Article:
Urban water management can specify supply-side infrastructure and demand-side policies to balance water resources for municipal and environmental needs. Early water management initiatives focused on supply-side management through the expansion of water infrastructure systems and acquisition of new sources to meet domestic, agricultural, and industrial needs [1,2]. Due to population growth, urbanization, and climate change, water supplies have become increasingly stressed, and water utilities have turned to demand-side management through implementation of water conservation activities, including promoting water use efficiency, encouraging indoor and outdoor conservation, setting water prices, recycling and reusing water, and identifying leaks [3,4]. Supply-side management options may result in significant environmental degradation by diverting water from ecosystem requirements, and large infrastructure projects may bear enormous costs. By reducing demands for freshwater, demand-side strategies may better protect environmental systems, but the cost and performance of demand management strategies are uncertain. Incentives to use less water through pricing may have limited application and require institutional frameworks to implement. Water use standards, such as new appliances and water restrictions, may increase awareness of water issues and result in more water savings; however, they have typically been cost-ineffective in implementation [5]. Demand management may have unintended social effects and create an imbalance in environmental justice, as consumers in diverse socioeconomic groups may experience water shortages and price increases differently [6]. Other social effects may emerge due to excessive water use restrictions that affect property values or frustrate residents [7]. Water use reductions may be highly unpredictable; low response rates may not conserve adequate water supplies, while high response rates may reduce water utility revenue [8].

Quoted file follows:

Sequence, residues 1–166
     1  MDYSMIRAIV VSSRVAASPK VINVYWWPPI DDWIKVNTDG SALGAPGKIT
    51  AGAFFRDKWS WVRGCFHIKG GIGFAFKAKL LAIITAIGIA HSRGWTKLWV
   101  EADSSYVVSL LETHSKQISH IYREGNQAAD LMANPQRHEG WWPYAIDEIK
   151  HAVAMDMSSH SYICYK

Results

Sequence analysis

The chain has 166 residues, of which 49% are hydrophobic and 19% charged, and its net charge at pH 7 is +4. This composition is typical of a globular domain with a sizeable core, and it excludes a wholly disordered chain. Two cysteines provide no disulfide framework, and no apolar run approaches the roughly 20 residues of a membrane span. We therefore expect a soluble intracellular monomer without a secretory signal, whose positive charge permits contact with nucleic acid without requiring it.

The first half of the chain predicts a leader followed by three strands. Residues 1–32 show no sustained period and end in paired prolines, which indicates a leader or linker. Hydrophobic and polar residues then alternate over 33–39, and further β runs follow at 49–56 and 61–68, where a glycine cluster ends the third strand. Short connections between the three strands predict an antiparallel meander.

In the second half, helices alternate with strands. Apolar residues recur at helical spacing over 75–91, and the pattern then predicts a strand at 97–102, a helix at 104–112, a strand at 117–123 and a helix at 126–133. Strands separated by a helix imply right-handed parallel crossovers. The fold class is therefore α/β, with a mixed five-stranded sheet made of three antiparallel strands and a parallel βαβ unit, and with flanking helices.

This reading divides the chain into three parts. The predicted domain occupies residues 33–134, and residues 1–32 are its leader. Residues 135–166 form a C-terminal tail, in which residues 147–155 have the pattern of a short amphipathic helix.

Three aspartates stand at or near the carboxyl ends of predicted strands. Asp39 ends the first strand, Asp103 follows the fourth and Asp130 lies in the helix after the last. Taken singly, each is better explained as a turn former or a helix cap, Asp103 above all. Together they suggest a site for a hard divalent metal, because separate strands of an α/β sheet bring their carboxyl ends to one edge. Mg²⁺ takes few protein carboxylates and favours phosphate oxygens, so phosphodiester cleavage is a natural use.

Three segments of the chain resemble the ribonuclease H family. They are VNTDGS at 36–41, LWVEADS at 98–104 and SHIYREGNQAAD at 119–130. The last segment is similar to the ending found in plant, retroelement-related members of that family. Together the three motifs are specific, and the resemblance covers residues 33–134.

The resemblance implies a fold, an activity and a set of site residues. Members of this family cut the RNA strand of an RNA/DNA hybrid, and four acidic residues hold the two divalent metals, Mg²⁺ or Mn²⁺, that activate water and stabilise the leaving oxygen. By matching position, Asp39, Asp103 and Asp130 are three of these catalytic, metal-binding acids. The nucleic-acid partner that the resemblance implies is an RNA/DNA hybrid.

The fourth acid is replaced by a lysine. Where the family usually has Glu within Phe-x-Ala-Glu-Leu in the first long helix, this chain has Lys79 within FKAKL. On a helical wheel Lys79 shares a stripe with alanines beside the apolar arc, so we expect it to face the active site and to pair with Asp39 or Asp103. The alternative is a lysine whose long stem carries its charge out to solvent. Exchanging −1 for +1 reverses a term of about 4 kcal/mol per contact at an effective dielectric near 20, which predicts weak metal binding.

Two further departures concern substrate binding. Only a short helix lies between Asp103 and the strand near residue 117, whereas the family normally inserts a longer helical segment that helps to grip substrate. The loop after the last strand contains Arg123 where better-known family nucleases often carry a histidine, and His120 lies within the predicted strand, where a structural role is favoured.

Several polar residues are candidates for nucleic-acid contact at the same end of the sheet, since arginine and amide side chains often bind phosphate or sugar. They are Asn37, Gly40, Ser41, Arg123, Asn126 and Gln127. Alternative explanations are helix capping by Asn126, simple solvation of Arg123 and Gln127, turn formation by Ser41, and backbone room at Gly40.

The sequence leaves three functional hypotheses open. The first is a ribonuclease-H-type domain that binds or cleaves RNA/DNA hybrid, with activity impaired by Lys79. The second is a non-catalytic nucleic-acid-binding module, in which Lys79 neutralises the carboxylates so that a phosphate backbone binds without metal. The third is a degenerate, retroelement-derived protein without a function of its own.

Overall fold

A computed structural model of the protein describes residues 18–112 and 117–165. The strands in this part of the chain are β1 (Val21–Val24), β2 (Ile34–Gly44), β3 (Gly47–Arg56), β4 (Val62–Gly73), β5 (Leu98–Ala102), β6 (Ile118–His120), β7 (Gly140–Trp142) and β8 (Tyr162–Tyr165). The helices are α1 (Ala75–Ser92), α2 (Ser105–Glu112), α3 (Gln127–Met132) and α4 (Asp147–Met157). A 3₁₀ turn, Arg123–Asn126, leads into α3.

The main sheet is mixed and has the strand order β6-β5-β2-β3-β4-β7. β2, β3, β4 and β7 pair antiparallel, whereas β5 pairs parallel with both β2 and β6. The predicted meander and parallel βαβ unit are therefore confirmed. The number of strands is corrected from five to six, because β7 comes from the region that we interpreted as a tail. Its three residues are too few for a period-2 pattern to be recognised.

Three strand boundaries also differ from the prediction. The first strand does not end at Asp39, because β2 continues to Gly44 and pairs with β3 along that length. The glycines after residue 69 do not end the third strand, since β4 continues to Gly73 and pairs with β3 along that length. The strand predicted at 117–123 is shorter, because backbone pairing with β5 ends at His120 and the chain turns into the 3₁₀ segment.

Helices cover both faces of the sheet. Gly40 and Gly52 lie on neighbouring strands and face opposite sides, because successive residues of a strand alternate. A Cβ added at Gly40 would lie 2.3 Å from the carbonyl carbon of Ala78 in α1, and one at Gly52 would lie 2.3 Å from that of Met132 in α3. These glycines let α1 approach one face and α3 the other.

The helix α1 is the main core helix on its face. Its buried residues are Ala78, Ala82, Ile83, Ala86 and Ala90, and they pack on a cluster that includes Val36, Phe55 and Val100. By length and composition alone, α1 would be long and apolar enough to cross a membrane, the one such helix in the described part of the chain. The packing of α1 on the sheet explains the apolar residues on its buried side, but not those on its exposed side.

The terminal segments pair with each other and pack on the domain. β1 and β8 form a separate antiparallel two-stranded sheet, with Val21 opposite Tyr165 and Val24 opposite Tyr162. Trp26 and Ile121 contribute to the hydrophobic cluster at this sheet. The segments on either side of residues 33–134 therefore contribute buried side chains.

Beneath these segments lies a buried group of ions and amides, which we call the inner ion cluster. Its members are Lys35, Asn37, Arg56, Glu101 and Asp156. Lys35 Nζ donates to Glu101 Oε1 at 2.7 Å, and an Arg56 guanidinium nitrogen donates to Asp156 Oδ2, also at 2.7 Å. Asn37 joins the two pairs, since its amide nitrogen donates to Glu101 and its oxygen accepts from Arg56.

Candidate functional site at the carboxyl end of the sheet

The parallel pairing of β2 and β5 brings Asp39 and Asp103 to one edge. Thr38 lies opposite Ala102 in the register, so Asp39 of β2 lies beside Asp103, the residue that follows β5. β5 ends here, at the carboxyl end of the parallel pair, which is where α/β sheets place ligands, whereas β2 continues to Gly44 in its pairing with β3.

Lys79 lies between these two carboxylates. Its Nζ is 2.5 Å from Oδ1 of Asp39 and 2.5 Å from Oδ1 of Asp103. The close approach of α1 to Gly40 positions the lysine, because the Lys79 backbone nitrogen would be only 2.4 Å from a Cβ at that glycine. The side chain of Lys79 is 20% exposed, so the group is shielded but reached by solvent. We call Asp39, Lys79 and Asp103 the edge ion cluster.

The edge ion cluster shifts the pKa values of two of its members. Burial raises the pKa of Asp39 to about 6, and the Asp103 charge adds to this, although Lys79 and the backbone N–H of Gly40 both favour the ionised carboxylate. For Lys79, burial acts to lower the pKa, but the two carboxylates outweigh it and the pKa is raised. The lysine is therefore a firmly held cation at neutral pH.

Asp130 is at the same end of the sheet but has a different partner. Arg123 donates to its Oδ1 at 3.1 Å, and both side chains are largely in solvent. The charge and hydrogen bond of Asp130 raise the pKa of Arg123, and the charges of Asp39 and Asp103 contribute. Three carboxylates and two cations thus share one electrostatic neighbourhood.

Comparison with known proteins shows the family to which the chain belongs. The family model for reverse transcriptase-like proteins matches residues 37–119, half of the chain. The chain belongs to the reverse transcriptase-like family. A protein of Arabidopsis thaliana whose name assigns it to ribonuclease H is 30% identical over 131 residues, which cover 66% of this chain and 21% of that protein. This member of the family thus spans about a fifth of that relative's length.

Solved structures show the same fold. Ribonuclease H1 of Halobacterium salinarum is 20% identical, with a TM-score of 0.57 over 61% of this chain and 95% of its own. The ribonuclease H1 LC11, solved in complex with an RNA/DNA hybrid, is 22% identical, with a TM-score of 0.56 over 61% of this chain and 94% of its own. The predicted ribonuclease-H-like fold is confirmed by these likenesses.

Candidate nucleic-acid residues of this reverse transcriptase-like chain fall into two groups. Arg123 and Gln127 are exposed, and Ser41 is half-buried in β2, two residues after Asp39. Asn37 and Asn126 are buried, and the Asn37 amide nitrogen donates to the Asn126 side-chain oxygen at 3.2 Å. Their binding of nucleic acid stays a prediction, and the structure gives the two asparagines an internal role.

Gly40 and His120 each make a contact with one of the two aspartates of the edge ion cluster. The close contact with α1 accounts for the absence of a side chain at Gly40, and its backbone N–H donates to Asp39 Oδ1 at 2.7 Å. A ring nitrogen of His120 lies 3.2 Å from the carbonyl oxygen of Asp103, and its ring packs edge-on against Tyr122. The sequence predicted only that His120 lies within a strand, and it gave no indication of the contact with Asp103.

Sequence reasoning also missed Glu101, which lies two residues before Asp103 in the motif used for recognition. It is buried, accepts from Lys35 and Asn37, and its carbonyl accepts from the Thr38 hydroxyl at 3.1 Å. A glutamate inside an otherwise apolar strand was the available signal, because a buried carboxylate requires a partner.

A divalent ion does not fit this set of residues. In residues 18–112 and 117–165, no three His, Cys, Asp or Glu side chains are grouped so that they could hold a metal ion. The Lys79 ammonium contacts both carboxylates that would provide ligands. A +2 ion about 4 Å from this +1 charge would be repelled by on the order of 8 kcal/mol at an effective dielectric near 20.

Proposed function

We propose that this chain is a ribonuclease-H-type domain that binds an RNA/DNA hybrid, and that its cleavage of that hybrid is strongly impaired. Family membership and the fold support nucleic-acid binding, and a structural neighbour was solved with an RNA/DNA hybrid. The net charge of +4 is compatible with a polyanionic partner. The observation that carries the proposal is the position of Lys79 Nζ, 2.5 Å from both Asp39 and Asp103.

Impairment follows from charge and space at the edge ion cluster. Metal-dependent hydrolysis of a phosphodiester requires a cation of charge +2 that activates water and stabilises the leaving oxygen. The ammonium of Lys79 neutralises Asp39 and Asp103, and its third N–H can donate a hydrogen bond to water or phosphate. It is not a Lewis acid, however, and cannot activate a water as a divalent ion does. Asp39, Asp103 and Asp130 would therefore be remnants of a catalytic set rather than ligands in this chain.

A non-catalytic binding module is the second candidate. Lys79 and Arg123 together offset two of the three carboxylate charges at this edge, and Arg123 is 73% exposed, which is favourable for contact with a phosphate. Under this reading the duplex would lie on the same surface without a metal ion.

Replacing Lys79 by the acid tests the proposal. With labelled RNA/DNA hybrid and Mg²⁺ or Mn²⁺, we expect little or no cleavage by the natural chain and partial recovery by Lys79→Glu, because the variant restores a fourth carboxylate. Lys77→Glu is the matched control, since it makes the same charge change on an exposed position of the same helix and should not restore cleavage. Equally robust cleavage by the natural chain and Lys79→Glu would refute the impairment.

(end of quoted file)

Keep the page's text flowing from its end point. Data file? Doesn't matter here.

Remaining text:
Many water management studies developed tools and frameworks to evaluate the performance of supply-side management options. The performance of demand-side strategies, however, is the outcome of the decisions and behaviors of consumers and is not easily simulated through readily available engineering models. To capture the feedbacks among water resources, consumers, and decision-makers, a modeling approach is developed and applied here to represent the comprehensive water resources system as a Complex Adaptive System (CAS). A CAS is a system of agents that update decentralized decisions based on dynamic feedback from a shared environment and the decisions of other agents. A CAS framework is developed by using agent-based models (ABM) to represent a policy maker that manages water resources and residential households that consume water and select water conservation practices. The policy maker agent subsidizes appliance replacements, implements year-round water restriction ordinances, and allocates inter-basin transfers. Residential agents respond to messages from the policy maker agent and communicate about water use and conservation. The shared water resources environment is characterized as a system of reservoirs, surface water systems, and watershed processes.